REVIEW - 8051 Microcontroller - An Applications Based Introduction

Title:

8051 Microcontroller - An Applications Based Introduction

Author:

David Calcutt, Frederick Cowan, Hassan Parchizadeh

ISBN:

9780080470221

Publisher:

Elsevier (2003)

Pages:

416pp

Reviewer:

Chris Hills

Reviewed:

June 2004

Rating:

★★☆☆☆

This is another book with a misleading title; it claims to be a book of 8051 applications. However, about a quarter of it is on the XA micro that, despite a lot of confusing marketing by Philips and the book's authors, is NOT the 16-bit version of the 8051. The 80251 is the 16-bit version of the 51. However, the 251 is not that widely used and the XA even less so. I can see no point in devoting a quarter of an 8051 book to the XA. About half the book simply contains information that is in the data sheets. This leaves about a third of the book. Not a good start.

The other unfortunate aspect of having the 51 and AX is there is a whole chapter describing how to use two different compiler suites. I am not sure why this chapter is present at all as the free evaluation CD (at least for the main 8051 compiler) has plenty of tutorials and screen cam demos, help files, application notes, example source code and virtually every 8051 datasheet there is. Unfortunately there is no mention of this in the text. There are also a couple of inaccuracies in the text regarding the Keil compiler suite.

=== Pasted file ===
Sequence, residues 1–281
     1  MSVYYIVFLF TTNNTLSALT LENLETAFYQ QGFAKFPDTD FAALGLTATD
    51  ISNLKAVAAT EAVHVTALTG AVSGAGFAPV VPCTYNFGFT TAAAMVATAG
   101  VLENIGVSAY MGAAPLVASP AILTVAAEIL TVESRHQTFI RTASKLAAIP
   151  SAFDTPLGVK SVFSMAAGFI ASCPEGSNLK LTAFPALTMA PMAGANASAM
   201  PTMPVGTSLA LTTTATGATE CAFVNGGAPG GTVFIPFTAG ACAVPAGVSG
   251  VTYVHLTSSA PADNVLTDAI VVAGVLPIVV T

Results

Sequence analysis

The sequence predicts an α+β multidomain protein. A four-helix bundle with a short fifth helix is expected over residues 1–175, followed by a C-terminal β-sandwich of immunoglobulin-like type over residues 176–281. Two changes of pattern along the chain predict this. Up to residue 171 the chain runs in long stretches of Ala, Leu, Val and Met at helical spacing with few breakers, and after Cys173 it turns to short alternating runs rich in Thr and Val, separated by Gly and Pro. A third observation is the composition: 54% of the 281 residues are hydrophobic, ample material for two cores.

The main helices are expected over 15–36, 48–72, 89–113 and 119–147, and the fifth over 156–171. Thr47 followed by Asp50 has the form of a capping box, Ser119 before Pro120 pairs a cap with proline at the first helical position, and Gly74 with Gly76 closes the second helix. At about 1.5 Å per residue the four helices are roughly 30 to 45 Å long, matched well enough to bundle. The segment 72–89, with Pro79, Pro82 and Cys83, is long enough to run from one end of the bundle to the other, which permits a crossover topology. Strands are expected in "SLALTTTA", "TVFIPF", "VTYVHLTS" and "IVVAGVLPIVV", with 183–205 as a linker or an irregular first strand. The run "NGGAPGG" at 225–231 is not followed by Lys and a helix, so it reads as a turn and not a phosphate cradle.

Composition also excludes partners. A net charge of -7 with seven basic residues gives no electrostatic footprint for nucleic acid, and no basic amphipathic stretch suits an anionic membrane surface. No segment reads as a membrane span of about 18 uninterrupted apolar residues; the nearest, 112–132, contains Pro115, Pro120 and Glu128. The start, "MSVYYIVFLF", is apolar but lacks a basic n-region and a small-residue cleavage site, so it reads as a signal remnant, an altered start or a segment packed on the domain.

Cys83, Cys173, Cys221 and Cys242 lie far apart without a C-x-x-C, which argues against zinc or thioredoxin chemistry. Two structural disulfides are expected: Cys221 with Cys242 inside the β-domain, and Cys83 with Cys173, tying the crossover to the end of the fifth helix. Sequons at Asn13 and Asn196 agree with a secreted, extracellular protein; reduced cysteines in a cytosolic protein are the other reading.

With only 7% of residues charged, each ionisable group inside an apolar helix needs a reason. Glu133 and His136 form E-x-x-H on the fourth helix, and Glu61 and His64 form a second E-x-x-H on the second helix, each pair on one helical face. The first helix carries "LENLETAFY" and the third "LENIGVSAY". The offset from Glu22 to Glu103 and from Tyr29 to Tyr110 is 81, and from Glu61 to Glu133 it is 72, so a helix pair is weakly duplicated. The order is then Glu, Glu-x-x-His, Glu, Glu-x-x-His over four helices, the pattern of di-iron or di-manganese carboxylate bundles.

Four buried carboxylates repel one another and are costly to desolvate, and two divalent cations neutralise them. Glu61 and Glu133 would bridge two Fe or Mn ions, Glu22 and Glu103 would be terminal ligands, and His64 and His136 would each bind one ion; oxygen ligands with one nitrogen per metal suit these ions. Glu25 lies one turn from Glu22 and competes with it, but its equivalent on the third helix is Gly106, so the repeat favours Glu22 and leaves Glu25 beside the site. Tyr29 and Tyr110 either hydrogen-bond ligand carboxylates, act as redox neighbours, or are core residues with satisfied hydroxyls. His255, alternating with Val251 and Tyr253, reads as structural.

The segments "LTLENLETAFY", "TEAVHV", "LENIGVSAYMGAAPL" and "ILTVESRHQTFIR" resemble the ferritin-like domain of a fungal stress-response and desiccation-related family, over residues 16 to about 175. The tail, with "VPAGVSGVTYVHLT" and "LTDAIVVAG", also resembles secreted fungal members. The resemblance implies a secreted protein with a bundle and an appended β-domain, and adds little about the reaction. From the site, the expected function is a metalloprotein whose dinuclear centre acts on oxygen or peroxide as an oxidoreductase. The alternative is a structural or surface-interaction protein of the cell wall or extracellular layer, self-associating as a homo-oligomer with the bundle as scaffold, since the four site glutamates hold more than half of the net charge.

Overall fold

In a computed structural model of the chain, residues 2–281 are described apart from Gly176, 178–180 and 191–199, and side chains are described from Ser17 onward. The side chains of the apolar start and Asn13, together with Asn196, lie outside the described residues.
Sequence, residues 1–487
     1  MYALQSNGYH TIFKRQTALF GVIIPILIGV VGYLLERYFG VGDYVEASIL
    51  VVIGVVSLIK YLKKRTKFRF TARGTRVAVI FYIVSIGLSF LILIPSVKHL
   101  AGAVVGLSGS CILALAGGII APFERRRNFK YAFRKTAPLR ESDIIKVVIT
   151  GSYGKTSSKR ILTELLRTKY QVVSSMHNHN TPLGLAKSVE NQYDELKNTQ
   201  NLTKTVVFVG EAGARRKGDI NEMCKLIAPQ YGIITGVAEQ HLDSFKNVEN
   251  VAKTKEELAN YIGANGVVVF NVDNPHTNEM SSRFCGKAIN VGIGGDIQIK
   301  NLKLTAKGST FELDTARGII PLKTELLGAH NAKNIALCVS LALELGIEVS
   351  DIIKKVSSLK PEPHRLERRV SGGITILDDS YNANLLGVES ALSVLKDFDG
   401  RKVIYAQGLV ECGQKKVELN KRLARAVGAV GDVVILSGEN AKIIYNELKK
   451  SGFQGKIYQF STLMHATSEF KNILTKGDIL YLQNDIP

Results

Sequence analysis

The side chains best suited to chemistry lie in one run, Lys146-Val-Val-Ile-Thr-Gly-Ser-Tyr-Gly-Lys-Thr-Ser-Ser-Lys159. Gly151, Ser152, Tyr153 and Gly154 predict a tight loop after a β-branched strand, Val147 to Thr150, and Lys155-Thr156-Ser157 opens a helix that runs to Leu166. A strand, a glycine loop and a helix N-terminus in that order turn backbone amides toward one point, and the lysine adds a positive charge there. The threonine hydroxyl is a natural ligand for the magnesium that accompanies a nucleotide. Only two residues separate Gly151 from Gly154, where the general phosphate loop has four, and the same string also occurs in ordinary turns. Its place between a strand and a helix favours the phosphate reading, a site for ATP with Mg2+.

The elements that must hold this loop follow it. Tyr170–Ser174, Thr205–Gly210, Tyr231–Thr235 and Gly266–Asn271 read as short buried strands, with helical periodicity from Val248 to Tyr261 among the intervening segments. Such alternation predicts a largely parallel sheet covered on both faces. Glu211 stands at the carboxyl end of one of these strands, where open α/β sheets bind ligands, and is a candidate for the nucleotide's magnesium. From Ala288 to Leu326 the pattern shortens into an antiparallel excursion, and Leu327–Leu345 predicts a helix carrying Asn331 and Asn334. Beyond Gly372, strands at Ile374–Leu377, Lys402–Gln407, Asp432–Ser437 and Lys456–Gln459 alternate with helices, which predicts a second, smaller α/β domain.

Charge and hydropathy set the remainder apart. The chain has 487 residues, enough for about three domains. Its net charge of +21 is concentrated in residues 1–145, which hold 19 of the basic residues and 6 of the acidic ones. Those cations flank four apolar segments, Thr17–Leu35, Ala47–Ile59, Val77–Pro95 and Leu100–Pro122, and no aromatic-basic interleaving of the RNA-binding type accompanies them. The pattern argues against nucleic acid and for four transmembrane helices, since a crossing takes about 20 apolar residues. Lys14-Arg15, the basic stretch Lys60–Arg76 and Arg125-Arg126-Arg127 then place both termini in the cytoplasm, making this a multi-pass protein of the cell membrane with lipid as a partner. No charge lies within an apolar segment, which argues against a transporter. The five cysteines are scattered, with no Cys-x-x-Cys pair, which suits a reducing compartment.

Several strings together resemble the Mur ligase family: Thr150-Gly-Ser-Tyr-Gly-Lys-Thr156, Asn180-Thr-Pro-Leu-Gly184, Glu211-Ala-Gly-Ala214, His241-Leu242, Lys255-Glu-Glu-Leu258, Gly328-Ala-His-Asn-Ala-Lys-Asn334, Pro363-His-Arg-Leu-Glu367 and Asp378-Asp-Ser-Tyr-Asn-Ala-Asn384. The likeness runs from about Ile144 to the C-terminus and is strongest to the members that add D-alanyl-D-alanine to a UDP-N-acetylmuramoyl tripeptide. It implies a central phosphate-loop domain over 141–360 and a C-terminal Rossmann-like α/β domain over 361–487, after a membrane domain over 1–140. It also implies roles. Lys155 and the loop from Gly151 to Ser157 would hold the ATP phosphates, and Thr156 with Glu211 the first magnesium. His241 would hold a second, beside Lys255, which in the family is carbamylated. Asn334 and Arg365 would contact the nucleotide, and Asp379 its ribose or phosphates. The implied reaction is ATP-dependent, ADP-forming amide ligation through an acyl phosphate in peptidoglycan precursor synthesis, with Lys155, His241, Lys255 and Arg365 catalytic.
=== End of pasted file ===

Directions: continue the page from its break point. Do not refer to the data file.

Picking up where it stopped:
There are a couple of simple complete projects (one of which is for the XA) but these are based on PCB layouts that have been included on paper only. The authors are not making these boards available as hardware or as electronic cad files. (There are many free/evaluation CAD packages about.) A Vero board layout would have been a lot better as it is unlikely students at this level will have access to PCB making equipment. The assembler source code in the book is also not available electronically.

It appears that this book has been written for a specific course without much thought for other readers. Some of the chapters go into detail such as giving blow-by-blow instructions for opening a particular dialogue in the IDE. Almost as lesson notes where time is short and you want a class to work through an example rather than a reader who will be experimenting and not need to complete a section in 40 minutes.

Overall this book may be of use to students on the course the lecturers teach but for other people (especially for those who have access to the Internet) that are many better options about. Talking of Internet: this book (and all others) should have had a web site where code and other files can be obtained. This is not book I would bother with.


Book cover image courtesy of Open Library.